SEATTLE, Washington (CNN) -- Clifton Mitchell helped register nearly 2,000 voters for the community group ACORN. But not one of them actually existed.
"I regret it. I paid the price for it," he said.
Mitchell was convicted last year and spent nearly three months in prison. He's one of the few ACORN workers convicted of voter registration fraud.
Today, he lives with his wife and two boys, ages 3 and 1, in a small apartment in suburban Seattle, Washington. Mitchell said he scammed the system because, "I needed money; I had to support my family and I was new to the area. It was the only job I had."
Mitchell said ACORN threatened to close the office if he and his team didn't meet their quota to register 13 to 20 voters a day. So, without consulting their supervisors, he said, they came up with a plan.
"We came up with the idea: Let's make fraudulent cards. I tell my crew, 'I don't care how you get 'em, just get 'em,' " Mitchell recalled.
They took addresses from homeless shelters, used fake birthdays and Social Security numbers and took names from baby books to create voters out of thin air.
"Every day I'd go to the library and get a newspaper," Mitchell said. "I had one guy who'd go to the phone book. Everyone had different methods."
The secretary of state called it "the worst case of voter registration fraud in the history of the state of Washington." ACORN was fined $25,000 and ordered to improve its oversight.
The group is under investigation in 10 states for voter registration fraud, and Republican presidential candidate John McCain's campaign has accused ACORN of trying to rig the election for Democrats.
But University of Washington law professor Eric Schnapper says the idea of fake cards turning into real votes is a myth.
"There are no known instances of fictitious people actually voting," Schnapper said. "You look at some of the names: Mickey Mouse. Dr. Seuss. Mickey Mouse only votes in Disneyland. He's not going to show up at a critical precinct in West Virginia or North Carolina."
Schnapper said that if anyone should be upset, it's ACORN.
"The victims of this are the people who paid these workers $8 an hour to go out and find legitimate voters, and ... they didn't get their $8 worth; they put down phony names," Schnapper said.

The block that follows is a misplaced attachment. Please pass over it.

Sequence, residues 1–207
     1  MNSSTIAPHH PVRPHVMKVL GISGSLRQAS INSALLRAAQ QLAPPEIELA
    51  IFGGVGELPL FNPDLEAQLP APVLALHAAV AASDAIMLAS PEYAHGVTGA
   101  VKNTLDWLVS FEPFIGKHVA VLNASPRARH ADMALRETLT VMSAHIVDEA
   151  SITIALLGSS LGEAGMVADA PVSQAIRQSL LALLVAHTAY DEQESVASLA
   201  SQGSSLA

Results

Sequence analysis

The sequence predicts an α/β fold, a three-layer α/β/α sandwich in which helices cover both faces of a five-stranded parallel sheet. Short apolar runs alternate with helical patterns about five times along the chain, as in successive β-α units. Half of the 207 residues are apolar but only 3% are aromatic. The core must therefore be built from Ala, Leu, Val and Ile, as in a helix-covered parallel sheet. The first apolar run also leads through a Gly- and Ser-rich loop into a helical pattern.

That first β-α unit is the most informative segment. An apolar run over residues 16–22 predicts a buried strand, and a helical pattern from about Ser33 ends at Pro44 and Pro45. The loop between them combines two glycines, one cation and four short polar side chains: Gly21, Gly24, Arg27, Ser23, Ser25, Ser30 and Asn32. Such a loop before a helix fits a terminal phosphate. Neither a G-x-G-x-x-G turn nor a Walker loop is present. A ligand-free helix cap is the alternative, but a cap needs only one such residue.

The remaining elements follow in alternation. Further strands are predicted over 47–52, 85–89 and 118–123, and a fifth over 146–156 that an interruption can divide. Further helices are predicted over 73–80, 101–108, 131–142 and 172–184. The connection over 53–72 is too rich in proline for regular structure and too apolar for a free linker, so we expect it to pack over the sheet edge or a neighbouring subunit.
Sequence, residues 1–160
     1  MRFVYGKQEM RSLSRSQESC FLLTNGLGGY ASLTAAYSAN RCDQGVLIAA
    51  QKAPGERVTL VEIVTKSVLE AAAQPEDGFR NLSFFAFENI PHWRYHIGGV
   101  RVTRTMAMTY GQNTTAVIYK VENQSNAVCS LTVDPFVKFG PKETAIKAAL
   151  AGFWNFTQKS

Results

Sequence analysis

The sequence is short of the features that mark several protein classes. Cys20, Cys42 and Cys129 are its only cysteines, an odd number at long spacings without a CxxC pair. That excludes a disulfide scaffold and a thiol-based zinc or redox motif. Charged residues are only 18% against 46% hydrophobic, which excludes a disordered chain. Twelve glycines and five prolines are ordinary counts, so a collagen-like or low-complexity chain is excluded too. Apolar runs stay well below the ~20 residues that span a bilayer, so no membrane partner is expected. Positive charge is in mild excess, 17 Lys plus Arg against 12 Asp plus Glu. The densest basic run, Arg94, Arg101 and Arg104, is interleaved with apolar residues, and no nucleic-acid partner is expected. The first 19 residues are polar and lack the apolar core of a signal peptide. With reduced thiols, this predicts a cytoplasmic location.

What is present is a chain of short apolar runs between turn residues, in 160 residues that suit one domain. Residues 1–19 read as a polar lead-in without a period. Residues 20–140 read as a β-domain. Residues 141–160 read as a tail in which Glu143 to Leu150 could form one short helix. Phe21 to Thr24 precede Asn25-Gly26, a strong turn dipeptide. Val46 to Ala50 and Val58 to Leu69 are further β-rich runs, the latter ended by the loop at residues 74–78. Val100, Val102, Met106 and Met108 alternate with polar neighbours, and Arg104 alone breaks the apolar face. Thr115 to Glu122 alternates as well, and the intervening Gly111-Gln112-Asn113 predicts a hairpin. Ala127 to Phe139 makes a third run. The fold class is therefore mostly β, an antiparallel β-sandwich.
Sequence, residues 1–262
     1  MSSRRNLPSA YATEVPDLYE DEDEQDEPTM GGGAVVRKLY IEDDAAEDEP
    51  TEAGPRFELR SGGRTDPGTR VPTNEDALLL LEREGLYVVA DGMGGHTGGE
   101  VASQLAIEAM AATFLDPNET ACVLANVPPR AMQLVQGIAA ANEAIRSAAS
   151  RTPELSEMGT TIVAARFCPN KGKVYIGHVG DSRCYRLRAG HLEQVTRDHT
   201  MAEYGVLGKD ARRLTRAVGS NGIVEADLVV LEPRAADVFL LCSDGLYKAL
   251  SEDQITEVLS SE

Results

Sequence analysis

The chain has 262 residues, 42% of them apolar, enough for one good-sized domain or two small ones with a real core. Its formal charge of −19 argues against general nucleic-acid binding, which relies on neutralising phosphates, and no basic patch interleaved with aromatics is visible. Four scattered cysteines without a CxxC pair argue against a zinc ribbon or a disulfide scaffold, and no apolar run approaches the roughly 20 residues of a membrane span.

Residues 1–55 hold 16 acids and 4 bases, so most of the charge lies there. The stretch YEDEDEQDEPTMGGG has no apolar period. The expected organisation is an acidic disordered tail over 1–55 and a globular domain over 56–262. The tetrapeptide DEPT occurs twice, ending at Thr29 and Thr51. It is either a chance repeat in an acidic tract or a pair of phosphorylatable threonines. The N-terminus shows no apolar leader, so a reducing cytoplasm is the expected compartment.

Schnapper said he's worked on Republican and Democratic campaigns and has paid people to hand out leaflets or register voters. He said some of the workers do their jobs and some don't.
ACORN said it has registered well more than 1 million voters, most of them Democrats. Though the group is under investigation in a number of swing states, such as Ohio and Nevada, amid accusations that it turned in fake voter registration cards, Schnapper said there's no evidence that any worker intended to commit voter fraud and actually take those names, produce phony identification and vote on Election Day.
Threats of criminal prosecution may scare some groups into closing voter registration drives, according to Schnapper. It could scare actual voters away from the polls as well, he said, "and that really does affect the outcomes of the election."
A report from the nonpartisan Brennan Center for Justice at the New York University Law School supports his claim. Researchers reviewed voter fraud claims across the country and found that most were caused by technical glitches, clerical errors or mistakes made by voters. One other finding: A person is more likely to be struck by lightning than to impersonate another voter at the polls.
ACORN has recently released a video on the Internet called "Fight Back: The Truth About ACORN." It uses a mix of interviews and video to fight what the group calls Republican efforts to suppress voter turnout.
CNN asked Clifton Mitchell whether he and his team, at any point, got together to try to rig the election.
"When I did it, when my team did it, it wasn't to steal any election," Mitchell said. "They're just trying to keep a job. But understand, I blame myself. I can only blame myself."